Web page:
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Assyria

(Assyrian Empire)

BabyloniaNeo-Assyrian Empire
Location Upper Tigris river, in northern Mesopotamia
Established 25th or early–24th century BC
Disestablished 605 BC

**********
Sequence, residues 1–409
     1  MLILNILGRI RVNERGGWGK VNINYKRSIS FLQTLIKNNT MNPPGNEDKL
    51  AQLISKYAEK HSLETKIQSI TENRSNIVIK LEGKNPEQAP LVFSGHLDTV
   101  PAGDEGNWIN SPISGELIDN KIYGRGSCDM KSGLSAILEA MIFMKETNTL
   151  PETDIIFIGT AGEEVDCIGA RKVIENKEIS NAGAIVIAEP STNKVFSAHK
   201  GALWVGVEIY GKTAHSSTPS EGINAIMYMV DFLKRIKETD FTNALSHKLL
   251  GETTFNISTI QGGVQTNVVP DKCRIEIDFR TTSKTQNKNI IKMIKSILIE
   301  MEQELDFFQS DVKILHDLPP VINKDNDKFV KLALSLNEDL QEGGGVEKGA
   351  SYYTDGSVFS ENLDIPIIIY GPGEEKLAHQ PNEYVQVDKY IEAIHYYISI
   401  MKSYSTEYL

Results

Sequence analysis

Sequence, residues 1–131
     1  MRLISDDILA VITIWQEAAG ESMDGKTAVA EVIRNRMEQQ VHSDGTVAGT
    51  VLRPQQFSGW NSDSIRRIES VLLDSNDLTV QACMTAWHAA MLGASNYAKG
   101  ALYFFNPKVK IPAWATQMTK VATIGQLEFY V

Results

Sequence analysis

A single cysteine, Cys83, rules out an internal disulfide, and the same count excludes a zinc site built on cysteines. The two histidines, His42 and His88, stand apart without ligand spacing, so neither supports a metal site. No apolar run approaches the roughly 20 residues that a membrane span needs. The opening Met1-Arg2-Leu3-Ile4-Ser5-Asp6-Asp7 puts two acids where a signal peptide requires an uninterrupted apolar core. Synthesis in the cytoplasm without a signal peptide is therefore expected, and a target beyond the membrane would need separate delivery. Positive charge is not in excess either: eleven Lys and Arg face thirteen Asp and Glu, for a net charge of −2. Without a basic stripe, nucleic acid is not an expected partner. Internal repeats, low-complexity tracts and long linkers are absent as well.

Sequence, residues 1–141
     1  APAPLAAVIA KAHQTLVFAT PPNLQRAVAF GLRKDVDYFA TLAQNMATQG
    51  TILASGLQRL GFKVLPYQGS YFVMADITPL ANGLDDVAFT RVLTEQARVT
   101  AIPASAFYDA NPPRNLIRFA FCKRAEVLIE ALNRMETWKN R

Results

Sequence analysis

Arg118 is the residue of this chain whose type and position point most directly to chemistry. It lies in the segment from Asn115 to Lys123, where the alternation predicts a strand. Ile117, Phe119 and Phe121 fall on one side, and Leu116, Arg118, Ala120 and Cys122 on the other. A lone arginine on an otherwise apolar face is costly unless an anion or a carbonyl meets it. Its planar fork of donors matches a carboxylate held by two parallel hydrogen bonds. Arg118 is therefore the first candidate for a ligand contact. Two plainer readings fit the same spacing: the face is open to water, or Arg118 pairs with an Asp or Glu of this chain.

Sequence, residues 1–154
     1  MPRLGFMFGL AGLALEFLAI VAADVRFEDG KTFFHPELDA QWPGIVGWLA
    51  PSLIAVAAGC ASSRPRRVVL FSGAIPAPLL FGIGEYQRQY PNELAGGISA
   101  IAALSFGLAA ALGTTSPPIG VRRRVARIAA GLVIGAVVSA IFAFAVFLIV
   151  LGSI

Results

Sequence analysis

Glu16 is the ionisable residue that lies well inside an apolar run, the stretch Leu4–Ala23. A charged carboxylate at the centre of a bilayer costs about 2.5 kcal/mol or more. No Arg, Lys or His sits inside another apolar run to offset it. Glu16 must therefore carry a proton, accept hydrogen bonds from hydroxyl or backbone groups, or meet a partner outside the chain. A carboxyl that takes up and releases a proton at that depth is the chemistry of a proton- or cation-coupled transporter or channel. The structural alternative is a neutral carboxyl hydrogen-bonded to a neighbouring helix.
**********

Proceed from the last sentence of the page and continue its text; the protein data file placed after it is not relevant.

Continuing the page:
Assyria, officially known as Aššur (Akkadian for Assyria), was a Semitic Akkadian kingdom, extant as a nation state from the late 25th or early–24th century BC to 605 BC. Assyria was centered on the Upper Tigris river, in northern Mesopotamia (present day northern Iraq). The Assyrians came to rule powerful empires a number of times through history. It was named for its original capital, the ancient city of Aššur (Akkadian: 𒀸𒋗𒁺 𐎹 Aššūrāyu; Aramaic: אתור Aṯur; Hebrew: אַשּׁוּר Aššûr; Arabic: آشور Āšūr). As part of the greater Mesopotamian civilization, Assyria was at its height a highly advanced nation for its time in terms of architecture, engineering, agriculture, economics, civil service, mathematics, medicine, literature, military technology, law, astronomy and libraries/record keeping. A number of Assyrian kings showed an early interest in botany and zoology also. Assyria was also sometimes known as Subartu, and after its fall, from 605 BC through to the late 7th century AD variously as Athura and also referenced as Atouria according to Strabo, Syria (Greek), Assyria (Latin) and Assuristan. The term Assyria can also refer to the geographic region or heartland where Assyria, its empires and the Assyrian people were and still are centred. The modern Assyrian Christian minority in northern Iraq, north east Syria, south east Turkey and north west Iran are the descendants of the ancient Assyrians (see Assyrian continuity). Assyria originally was one of a number of Akkadian city states in Mesopotamia. In the late 24th century BC, Assyrian kings were regional leaders only, and subject to Sargon of Akkad who united all the Akkadian Semites and Sumerian-speaking peoples of Mesopotamia under the Akkadian Empire which lasted from c. 2334 BC to 2154 BC. Following the fall of the Akkadian Empire c. 2154 BC, and the succeeding Sumerian Third Dynasty of Ur, there were a number of other competing Amorite states such as Isin and Larsa, but Mesopotamia eventually coalesced into two distinct nations: Assyria in the north, and Babylonia in the south. In the Old Assyrian period of the Early Bronze Age, Assyria had been a kingdom of northern Mesopotamia, initially competing with their fellow Sumero-Akkadian states in southern Mesopotamia for dominance of the region, and also with the Hattians and Hurrians to the north in Asia Minor, the Gutians to the east in the Zagros Mountains and the Eblaites and later Amorites in the Levant to the west. During the 20th century BC, it established colonies in Asia Minor, and under king Ilushuma it asserted itself over southern Mesopotamia. From the late 19th century BC Assyria came into conflict with the newly created state of Babylonia which eventually eclipsed the older Sumero-Akkadian states in the south. Assyria experienced fluctuating fortunes in the Middle Assyrian period. Assyria had a period of empire under Shamshi-Adad I and Ishme-Dagan in the 19th and 18th centuries BC. Following this it found itself under short periods of Babylonian and Mitanni-Hurrian domination in the 18th and 15th centuries BC respectively, and another period of great power with the rise of the Middle Assyrian Empire (from 1365 BC to 1056 BC) that included the riegns of great kings such as Ashur-uballit I, Arik-den-ili, Tukulti-Ninurta I and Tiglath-Pileser I. During this period Assyria overthrew the Mitanni and eclipsed both the Hittite Empire and Egyptian Empire in the Near East. Beginning with the campaigns of Adad-nirari II from 911 BC, it again became a great power over the next three centuries, overthrowing the Twenty-fifth dynasty of Egypt and conquering Egypt, Babylonia, Elam, Urartu/Armenia, Media, Persia, Mannea, Gutium, Phoenicia/Canaan, Aramea (Syria), Arabia, Israel, Judah, Edom, Moab, Samarra, Cilicia, Cyprus, Chaldea, Nabatea, Commagene, Dilmun and the Hurrians, Sutu and Neo-Hittites, driving the Ethiopians and Nubians from Egypt, defeating the Cimmerians and Scythians and exacting tribute from Phrygia, Magan and Punt among others. After its fall, (between 612 BC and 605 BC), Assyria remained a province and Geo-political entity under the Babylonian, Median, Achaemenid, Seleucid, Parthian, Roman and Sassanid empires until the Arab Islamic invasion and conquest of Mesopotamia in the mid-7th century, when it was finally dissolved, after which the remnants of the Assyrian people (by now Christians) gradually becoming a minority in their homeland.

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